How is the sample collected for testing?

A blood sample is obtained by inserting a needle into a vein in the arm.

Is any test preparation needed to ensure the quality of the sample?

No test preparation is needed.

Accordion Title
Common Questions
  • How is it used?

    A serotonin test may be used to help diagnose carcinoid tumors. It may be ordered along with, or following, a 24-hour urine 5-HIAA test.

    Carcinoid tumors are slow-growing masses that can form in the gastrointestinal tract (especially in the appendix) and in the lungs, although they may affect other organs as well. They are one of several types of tumors that arise from cells in the neuroendocrine system, cells that are found in organs throughout the body and that have both nerve and endocrine aspects.

    The serotonin test is not generally used as a monitoring tool to evaluate the effectiveness of treatment or to detect recurrence of a carcinoid tumor. Chromogranin A and 5-HIAA may be used for this purpose.

  • When is it ordered?

    This test is primarily ordered when a person has symptoms suggestive of a carcinoid tumor.

    Some signs and symptoms include:

    • Flushing of the face and neck (appearance of deep red color, usually with sudden onset)
    • Diarrhea, nausea, vomiting
    • Rapid heart rate
    • Wheezing, coughing, difficulty breathing

    This test may be ordered initially or as a follow-up test when 5-HIAA test results are normal or near normal.

  • What does the test result mean?

    A significantly increased level of serotonin in a person with carcinoid syndrome symptoms is suggestive but not diagnostic of a carcinoid tumor. In order to diagnose the condition, the tumor itself must be located, biopsied, and examined by a pathologist. The healthcare practitioner will frequently follow an abnormal test result with an order for an imaging scan to help locate any tumor(s) that may be present.

    Someone may still have a carcinoid tumor even if the concentrations of serotonin and 5-HIAA are normal. Some carcinoid tumors do not produce serotonin or only produce it intermittently.

    A person with no symptoms and normal levels of serotonin and 5-HIAA is unlikely to have a serotonin-secreting carcinoid tumor.

  • Is there anything else I should know?

    There are a variety of drugs that can affect the serotonin test, including morphine, monoamine oxidase (MAO) inhibitors (such as reserpine), methyldopa, and lithium. People should talk to their healthcare provider before decreasing or discontinuing any medications.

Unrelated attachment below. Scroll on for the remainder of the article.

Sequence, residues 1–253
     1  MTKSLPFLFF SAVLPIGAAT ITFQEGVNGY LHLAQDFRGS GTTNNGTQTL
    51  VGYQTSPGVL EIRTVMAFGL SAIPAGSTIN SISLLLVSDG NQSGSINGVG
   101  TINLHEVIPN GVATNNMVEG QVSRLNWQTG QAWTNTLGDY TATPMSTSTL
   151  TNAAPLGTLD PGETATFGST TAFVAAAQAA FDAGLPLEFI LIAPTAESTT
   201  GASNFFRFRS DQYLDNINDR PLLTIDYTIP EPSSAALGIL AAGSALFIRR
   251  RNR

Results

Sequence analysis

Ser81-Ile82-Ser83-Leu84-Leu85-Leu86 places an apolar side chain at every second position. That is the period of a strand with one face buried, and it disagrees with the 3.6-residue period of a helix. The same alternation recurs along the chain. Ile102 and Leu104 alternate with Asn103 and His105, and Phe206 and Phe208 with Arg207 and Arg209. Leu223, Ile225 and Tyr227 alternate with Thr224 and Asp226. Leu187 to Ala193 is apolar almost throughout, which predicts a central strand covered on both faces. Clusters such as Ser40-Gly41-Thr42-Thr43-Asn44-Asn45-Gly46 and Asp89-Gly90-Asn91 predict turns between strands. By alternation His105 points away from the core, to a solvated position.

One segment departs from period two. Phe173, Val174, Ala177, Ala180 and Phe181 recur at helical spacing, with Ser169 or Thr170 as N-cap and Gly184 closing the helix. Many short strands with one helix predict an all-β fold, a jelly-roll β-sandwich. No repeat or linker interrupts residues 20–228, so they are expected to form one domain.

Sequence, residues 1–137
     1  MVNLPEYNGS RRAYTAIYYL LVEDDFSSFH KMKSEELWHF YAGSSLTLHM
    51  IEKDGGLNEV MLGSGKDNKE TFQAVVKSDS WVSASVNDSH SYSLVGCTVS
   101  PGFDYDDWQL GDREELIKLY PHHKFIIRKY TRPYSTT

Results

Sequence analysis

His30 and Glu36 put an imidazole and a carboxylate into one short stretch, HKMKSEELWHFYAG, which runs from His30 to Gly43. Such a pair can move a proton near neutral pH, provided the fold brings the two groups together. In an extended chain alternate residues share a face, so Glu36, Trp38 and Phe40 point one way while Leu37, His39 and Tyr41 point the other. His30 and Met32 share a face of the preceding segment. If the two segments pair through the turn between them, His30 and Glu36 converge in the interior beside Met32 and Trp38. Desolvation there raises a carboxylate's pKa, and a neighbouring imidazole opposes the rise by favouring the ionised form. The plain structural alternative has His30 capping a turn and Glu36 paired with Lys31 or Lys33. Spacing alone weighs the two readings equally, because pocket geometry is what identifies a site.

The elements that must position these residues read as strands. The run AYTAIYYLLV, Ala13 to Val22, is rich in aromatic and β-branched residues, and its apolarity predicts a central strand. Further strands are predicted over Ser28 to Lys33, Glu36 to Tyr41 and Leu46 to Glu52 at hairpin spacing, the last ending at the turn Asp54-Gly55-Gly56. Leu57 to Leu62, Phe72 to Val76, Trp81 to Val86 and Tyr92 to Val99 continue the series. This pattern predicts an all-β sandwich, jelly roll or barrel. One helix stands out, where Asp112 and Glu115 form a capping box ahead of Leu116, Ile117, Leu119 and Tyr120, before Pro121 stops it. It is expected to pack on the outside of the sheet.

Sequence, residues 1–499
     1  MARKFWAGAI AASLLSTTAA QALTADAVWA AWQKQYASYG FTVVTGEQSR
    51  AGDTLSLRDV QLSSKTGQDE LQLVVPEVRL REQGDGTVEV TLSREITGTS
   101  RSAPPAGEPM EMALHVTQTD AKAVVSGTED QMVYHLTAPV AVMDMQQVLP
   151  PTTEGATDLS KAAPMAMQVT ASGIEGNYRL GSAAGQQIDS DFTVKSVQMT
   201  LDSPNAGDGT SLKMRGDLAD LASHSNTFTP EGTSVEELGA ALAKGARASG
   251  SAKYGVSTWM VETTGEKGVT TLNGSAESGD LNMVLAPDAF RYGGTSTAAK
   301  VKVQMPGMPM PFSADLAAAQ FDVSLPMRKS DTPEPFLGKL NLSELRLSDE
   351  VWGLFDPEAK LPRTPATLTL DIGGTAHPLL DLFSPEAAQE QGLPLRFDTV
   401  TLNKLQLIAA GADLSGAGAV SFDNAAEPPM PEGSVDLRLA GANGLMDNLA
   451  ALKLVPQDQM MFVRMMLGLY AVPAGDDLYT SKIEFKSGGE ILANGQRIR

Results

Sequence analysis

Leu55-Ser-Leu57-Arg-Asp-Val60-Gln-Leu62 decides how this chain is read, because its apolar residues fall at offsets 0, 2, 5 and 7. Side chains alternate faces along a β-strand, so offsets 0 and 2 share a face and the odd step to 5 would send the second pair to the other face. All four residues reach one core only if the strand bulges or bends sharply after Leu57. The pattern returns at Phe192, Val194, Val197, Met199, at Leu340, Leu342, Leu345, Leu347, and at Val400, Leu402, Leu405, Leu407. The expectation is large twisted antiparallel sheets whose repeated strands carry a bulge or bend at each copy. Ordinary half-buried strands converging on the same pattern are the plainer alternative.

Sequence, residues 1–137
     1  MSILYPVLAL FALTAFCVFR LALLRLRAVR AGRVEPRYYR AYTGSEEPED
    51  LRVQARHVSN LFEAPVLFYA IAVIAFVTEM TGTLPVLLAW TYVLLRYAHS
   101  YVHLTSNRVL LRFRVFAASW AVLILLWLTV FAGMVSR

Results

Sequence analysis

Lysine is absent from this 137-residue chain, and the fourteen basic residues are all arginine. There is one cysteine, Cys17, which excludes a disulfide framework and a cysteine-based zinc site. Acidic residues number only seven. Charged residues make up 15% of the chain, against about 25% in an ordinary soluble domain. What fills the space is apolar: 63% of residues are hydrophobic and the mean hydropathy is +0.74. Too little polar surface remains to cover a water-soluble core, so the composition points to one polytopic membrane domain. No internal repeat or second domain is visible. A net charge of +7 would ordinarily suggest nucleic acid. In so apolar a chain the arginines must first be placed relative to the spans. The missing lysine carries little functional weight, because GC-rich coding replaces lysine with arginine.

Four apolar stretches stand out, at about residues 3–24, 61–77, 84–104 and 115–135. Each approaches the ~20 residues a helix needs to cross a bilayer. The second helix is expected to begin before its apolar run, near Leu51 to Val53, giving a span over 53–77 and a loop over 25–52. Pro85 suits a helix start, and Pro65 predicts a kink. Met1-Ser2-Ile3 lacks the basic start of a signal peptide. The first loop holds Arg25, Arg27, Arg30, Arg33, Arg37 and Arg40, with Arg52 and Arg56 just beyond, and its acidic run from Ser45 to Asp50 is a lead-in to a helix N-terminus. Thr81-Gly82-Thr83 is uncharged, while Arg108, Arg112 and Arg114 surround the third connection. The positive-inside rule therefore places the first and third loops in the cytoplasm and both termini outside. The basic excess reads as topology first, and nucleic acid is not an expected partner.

Serotonin concentrations may be slightly increased in those with intestinal obstruction, acute myocardial infarction (heart attack), cystic fibrosis, and dumping syndrome. The serotonin test is not usually ordered with these conditions.

  • Should I have both the serotonin and 5-HIAA tests performed?

    Serotonin and 5-HIAA offer complementary information. In some cases, 5-HIAA is preferred because it is more stable and, since it is collected for 24 hours, there is more chance of detecting increased 5-HIAA than in identifying excess serotonin that is only released intermittently. Talk to your healthcare practitioner about which tests are appropriate for your condition. 

  • Are some people at a higher risk for developing a carcinoid tumor?
    Anyone at any age can develop a carcinoid tumor but, according to the American Cancer Society, the average age at diagnosis is usually about 55 to 65. People with a family history of multiple endocrine neoplasia (MEN1), a genetic condition that increases a person's risk of developing tumors in the endocrine system glands, may be at higher risk for developing a carcinoid tumor.
  • How does a healthcare practitioner locate the carcinoid tumor?

    This is usually accomplished through the use of imaging scans such as x-rays, computed tomography (CT), or magnetic resonance imaging (MRI). In some cases, surgery is required to find the tumor. For more on these imaging tests, visit RadiologyInfo.org.

  • How does the healthcare practitioner tell whether a tumor is benign or cancerous?

    In order to determine whether the tumor is benign or cancerous, the healthcare practitioner will need to perform a biopsy or remove the tumor surgically. The tumor is sent to the laboratory and a pathologist will examine the tumor cells under the microscope. (For more, see the article on Anatomic Pathology.)

View Sources

Sources Used in Current Review